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Almost two weeks into the latest wave of anti-regime protests in Iran, the long-range, indirect implication is that they are widespread but sporadic; They show strong opposition to the ayatollahs but are not coherently organized; That they are unsettling the regime but not threatening its rule.
Unlike the 2009 protests, which erupted over election fraud that allowed Mahmoud Ahmadinejad to retain the presidency, and drove large numbers—hundreds of thousands or more—to the streets for rallies demanding reform, these were not “political” protests, which galvanized. The main antagonist. They have not expanded on recent months and years of sporadic protests and union strike actions over Iran’s economic malaise, the regime’s misplaced priorities, and the unhealthy realities of rising unemployment and rising food prices.
Rather, they are directed at the heart of the regime itself – led by women; because of the death of a woman, Mahsa Amini, in the custody of the government’s “morality police”; It focused on the regime’s oppression of women as a symbol of the need for women to cover up in public. Hijab.
In contrast to 2009, when U.S. President Barack Obama praised the “amazing mango” but firmly rejected any U.S. encouragement of regime change — “given the history of U.S.-Iranian relations, it’s not productive to be seen as an interventionist” — some in the U.S.-led international community have bolstered the protesters. Support is shown.
From the podium of the UN General Assembly last week, US President Joe Biden declared: “Today we stand with the brave citizens and brave women of Iran who are demonstrating right now to secure their basic rights.”
Speaking to reporters in Washington on Tuesday, US Secretary of State Anthony Blinken blamed the government for Amini’s murder, saying “she should make the decisions about what she wears or what she doesn’t wear.”
The US also said it was doing what it could to block the regime’s internet access, as the US deputy treasury secretary said, by allowing technology companies to expand the range of internet services available to Iranians.
The European Union has condemned Iran for its deadly crackdown on protests. Germany summoned Iran’s ambassador. Anti-Iranian groups have demonstrated outside the Iranian embassy. Solidarity marches with Iranian women have been held around the world.
Outside the UN last week, as President Ibrahim Raisi addressed the General Assembly, thousands of anti-regime activists gathered to protest and protest against him and the regime. “Raisi does not deserve to sit in the UN and he is not the president of the people of Iran. Raisi is a mass murderer,” said activist Raha Heshmatikhah.
The regime’s response reflected both unease and a sense that there was some room for maneuver—a defensive readiness to concede some ground, followed by a hardening of the position.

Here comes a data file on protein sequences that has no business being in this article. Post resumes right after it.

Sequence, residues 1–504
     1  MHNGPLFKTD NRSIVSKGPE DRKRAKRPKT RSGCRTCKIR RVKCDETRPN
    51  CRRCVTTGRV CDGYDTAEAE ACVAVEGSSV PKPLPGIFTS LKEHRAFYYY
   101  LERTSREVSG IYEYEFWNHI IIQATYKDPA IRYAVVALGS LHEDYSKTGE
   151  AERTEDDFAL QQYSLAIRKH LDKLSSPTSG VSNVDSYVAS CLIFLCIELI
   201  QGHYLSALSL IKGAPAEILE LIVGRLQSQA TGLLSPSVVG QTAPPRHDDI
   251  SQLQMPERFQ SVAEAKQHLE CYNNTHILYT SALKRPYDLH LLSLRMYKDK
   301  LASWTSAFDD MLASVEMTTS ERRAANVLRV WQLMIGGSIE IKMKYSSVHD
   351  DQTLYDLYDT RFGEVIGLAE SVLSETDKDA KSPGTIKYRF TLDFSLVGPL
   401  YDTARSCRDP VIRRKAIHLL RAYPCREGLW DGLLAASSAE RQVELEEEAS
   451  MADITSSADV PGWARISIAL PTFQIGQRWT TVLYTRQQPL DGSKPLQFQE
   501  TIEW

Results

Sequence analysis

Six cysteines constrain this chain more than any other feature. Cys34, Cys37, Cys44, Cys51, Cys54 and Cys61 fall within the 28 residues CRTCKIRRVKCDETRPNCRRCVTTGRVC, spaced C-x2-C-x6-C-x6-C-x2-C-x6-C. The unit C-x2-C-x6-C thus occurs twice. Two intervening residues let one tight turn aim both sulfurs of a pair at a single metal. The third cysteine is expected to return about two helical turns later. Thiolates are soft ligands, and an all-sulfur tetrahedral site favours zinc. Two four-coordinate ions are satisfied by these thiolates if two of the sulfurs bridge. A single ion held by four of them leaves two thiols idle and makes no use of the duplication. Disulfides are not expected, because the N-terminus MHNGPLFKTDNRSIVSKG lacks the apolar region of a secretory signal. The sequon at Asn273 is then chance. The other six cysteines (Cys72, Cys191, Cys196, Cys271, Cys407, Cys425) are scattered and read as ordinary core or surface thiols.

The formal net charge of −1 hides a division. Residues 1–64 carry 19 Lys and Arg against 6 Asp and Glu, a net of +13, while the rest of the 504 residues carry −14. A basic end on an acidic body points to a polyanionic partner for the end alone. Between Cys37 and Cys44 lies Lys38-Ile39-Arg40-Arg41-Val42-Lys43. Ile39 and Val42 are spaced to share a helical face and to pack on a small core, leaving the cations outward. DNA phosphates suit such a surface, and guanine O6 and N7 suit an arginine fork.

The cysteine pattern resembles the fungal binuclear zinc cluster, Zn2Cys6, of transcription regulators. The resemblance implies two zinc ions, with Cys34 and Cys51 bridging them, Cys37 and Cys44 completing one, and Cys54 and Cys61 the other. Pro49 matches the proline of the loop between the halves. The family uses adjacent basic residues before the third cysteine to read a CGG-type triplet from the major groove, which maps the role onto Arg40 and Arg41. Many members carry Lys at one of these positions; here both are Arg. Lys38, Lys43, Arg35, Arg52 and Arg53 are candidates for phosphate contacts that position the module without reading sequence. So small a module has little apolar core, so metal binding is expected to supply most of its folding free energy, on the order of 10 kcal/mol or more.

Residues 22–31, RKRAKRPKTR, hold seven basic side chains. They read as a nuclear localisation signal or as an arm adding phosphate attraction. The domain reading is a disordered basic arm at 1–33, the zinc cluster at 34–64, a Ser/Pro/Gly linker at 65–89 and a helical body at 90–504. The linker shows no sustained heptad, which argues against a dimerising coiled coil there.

In the early days of the protests, Amini’s death was widely covered in Iran’s tightly controlled media, including on the front pages of Iran’s daily newspapers. Raisi urged the authorities to “investigate the cause of the incident urgently and with special attention.” As the days went by, the official line became tougher, and so did the response of Iran’s security forces. Unsure whether pacifying or firing the masses is the wiser answer, the regime seems to have decided on the latter.
It is impossible to establish a definitive number, but state media have confirmed “around 60” deaths in the nearly two weeks of protests, with non-governmental groups putting the figure at more than 75. This number is similar to the death toll. three months Supported large-scale protests in 2009, although tens of thousands of people were arrested during the 2009 protests. In other words, the regime is now more than willing to shoot its own people in the streets.
Are the 2022 Mahsa Amini protests, and the regime’s response to them, the anticipated beginning of the end of the regime? No one – not abroad and not in Iran – can reliably answer this question.
This is a regime that is clearly struggling to keep its people even remotely satisfied. There are overlapping masses of discontent—those that cover those who oppose the leadership, those who blame it for its poverty, those who are outraged by its corruption. Sparks of discontent are growing and the regime itself has split over Supreme Leader Ali Khamenei’s son Mojtaba as his potential successor – an act of deep chaos.
But a regime critic told Israeli television in an interview from Tehran on Wednesday, “I am almost positive that the process that has started now will not lead to any revolution in the near future… The regime will suppress or suppress the protests with violence. .” Still, he added, “this does not mean that the women of Iran will give up their just demands.”
Israel has so far been cautious about protests. Yair Lapid referred to them in his United Nations speech, where he linked the regime’s efforts to build the bomb to “a murderous dictatorship” that hates its own people, implying that if the government could do what it is doing to its people, it would be rejected. No. It will try for us. “If the Iranian regime gets nuclear weapons, they will use them,” he said.
Privately, Israel is no doubt warning again that the regime may not be considered credible in negotiations on a revived nuclear deal and should not be emboldened and emboldened by any concessions under sanctions pressure.
Publicly, understandably, Israel does not express solidarity with the protesters or encourage them to escalate their protests. The administration, as is its habit, is working to suggest that the protests are being fueled by countries hostile to Iran. Official Israeli statements will only play into that story.
And besides, a very smart veteran Iran expert told me on Wednesday, the Iranian regime is currently doing more damage than Israel expects.